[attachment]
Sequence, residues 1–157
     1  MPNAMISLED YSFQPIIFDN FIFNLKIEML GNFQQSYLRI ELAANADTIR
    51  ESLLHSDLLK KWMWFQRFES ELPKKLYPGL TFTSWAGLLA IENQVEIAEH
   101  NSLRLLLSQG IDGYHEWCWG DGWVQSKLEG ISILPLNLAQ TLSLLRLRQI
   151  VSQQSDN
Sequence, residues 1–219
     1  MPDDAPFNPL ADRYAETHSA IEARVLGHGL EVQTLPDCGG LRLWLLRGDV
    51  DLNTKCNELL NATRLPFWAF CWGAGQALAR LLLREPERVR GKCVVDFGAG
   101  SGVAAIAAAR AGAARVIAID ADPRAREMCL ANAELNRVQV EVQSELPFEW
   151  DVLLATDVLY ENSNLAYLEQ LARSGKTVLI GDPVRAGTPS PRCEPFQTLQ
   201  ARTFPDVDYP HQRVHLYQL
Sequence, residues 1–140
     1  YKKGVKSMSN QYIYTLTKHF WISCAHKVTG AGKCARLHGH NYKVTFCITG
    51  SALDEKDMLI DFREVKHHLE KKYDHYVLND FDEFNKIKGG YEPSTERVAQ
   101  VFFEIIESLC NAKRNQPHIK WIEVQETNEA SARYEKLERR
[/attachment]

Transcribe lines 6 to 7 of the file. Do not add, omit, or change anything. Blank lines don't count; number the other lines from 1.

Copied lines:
Sequence, residues 1–219
     1  MPDDAPFNPL ADRYAETHSA IEARVLGHGL EVQTLPDCGG LRLWLLRGDV